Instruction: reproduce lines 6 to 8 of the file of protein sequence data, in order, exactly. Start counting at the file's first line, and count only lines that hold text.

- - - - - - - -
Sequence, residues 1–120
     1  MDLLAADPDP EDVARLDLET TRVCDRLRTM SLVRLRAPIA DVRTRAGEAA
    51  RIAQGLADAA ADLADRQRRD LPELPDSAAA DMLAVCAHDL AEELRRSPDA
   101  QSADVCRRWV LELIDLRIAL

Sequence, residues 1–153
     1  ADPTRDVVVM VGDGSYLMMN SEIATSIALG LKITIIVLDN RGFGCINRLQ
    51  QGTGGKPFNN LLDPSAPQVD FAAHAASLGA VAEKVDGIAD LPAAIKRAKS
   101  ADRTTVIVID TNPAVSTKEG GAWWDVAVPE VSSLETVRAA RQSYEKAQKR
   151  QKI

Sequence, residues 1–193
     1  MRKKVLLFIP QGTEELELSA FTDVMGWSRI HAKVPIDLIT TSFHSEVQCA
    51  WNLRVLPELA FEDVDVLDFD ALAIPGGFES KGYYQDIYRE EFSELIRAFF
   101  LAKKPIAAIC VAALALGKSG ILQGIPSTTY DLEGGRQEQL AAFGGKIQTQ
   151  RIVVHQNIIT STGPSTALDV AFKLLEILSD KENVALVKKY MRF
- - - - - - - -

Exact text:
     1  ADPTRDVVVM VGDGSYLMMN SEIATSIALG LKITIIVLDN RGFGCINRLQ
    51  QGTGGKPFNN LLDPSAPQVD FAAHAASLGA VAEKVDGIAD LPAAIKRAKS
   101  ADRTTVIVID TNPAVSTKEG GAWWDVAVPE VSSLETVRAA RQSYEKAQKR